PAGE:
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October 14, 2004

Hi Folks,

I'd been wanting to get over to Cannon and do Whitney-Gilman for the past several years, but life just kept getting in the way. There is so much to do over on this side of the Kanc, besides the normal family & work considerations, that frankly it is hard to justify investing a full day just to do a single route. However, when 2 good friends Jim and Michelle asked if I was interested, my wife wasn't working that day so she could watch the kiddo & Dad, and the weather looked like it was going to be wonderful, how could I possibly refuse?

The original plan was for there to be 3 of us, but unfortunately Jim was unable to leave early enough so it ended up only being Michelle and myself. We got an early start, 7:30, and were the first ones on the climb. There was only one other party signed in at all, in spite of a number of cars in the lot...more on that later. We choose the wrong trail up into the talus-field & ended up in the middle of the cliff instead of the far left. No big problem though, we just traversed left in the middle. It was such a beautiful morning that we didn't mind a little extra effort. It probably took less than an hour to get to the base of the climb and we were ready to climb by about 9:30.

I'd decided to do the normal off-width / layback crack start off the ledge on the face of the buttress. The last time I'd climbed the route we had done the one around the corner to the right. Doing this one with the pack on was an eye-opener first thing in the morning. Oh yeah. alpine rock climbing. I remember what that was like! RIGHT... That same feeling kept coming back to me all day. There were cracks, jugs, exposure, face climbing, exposure and more exposure throughout the day. We did the 5.8 variation, the pipe-pitch and generally followed any pins that kept us right on the overhanging arete as much as possible.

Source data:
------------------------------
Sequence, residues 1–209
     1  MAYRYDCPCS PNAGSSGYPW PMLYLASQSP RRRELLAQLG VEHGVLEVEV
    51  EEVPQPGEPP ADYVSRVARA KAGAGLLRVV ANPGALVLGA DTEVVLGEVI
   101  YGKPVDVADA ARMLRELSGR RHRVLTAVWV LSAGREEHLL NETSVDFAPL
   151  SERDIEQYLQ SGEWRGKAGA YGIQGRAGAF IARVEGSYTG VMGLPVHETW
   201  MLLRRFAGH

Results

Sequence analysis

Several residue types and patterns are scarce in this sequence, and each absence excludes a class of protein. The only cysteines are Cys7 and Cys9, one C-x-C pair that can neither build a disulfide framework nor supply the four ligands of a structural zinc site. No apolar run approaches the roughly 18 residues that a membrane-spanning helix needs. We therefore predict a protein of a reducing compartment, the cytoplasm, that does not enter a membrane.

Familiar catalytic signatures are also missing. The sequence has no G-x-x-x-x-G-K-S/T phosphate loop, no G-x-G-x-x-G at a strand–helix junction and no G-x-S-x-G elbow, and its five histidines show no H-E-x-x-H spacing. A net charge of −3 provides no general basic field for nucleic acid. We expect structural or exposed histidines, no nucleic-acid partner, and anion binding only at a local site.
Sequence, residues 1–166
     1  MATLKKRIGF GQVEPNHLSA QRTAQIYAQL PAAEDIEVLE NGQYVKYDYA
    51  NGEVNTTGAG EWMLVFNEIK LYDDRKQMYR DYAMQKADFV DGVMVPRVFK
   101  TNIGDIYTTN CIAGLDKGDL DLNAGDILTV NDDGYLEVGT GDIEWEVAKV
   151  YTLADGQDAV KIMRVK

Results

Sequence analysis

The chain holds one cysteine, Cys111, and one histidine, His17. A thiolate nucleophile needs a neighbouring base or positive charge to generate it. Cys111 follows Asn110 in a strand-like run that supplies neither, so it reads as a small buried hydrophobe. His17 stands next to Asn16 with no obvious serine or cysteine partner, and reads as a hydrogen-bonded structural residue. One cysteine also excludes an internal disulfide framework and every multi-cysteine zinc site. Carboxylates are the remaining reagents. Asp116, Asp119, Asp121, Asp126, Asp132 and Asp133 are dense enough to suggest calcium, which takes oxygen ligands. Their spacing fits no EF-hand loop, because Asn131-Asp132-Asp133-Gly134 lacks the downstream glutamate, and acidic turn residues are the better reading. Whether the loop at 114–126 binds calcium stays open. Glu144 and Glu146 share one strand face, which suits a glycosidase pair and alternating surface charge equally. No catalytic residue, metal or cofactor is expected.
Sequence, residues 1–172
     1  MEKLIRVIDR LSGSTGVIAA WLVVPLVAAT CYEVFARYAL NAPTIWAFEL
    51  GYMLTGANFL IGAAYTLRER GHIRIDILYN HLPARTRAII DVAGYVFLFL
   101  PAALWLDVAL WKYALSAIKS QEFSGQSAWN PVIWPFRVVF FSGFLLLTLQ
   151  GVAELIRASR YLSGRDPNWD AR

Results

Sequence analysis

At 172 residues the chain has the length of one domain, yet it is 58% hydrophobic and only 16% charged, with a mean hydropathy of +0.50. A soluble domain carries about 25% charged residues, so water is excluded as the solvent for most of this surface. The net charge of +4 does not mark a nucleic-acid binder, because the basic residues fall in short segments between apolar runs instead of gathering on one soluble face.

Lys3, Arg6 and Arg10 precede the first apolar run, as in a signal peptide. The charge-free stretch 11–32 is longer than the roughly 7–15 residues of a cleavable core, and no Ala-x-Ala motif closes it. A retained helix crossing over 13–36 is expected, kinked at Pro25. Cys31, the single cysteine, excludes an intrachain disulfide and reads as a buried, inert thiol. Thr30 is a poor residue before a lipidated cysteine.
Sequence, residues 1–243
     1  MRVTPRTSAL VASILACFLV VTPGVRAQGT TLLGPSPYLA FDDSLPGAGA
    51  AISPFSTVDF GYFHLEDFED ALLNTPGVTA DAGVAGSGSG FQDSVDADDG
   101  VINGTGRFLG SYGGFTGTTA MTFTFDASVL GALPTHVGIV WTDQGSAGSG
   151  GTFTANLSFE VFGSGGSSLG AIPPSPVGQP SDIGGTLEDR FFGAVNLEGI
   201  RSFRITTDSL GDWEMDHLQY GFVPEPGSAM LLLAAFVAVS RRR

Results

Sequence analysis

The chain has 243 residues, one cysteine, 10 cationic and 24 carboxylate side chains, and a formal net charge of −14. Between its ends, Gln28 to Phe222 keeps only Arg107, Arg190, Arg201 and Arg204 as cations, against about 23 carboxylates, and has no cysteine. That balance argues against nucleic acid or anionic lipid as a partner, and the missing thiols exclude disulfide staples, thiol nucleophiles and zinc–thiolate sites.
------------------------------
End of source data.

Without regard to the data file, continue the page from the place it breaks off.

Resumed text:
I had originally thought to do it in mountain boots, but was happy to have opted for rock shoes instead. Jamming toes into offwidth cracks would have definitely been more difficult in my Nepal Top's. And besides, it was absolutely wonderful to sit on a belay ledge with my shoes off, basking in what turned into a bluebird 70 degree day!

I broke the climb up into about 5 pitches so I could see Michelle climb much of the time. She did a great job, especially considering that she hadn't done the climb before. It's amazing how the exposure in places like the Pipe Pitch can get your head in a tizzy. Talking about it later I mentioned to her that I simply don't look down when I'm climbing in situations like that. I don't have any problem with exposure in general, but I don't see any need to get that in my head. I just look up where I'm going. If I have to look down to see a foothold or gear, I use selective focus & don't see beyond where I need to. I don't know what other folks do, but it works for me. Once I'm at a belay I don't care. Hell, I'll lean out over the edge & savor the feeling, just not when I'm doing-the-do. <grin>

Another party appeared when we were 3 pitches up and made very good time. They had minimal gear and ran pitches together as much as possible. In fact they were so fast that they managed to finish the climb about 30 minutes after we did. We were packing up when the leader topped out.

I don't think that I've ever had as nice a day on Cannon and all in all it was as beautiful a day as one could possibly ask for. We've had lots of those kind of days over the past several weeks and I wish that they could last forever. You have to be prepared to grab them whenever you can and I'm thankful that I don't have one of those 5-day 9-5 jobs that keep me inside on days like that. Heck, if I did I'd probably be in trouble with the boss for taking too many sick-days at this time of year.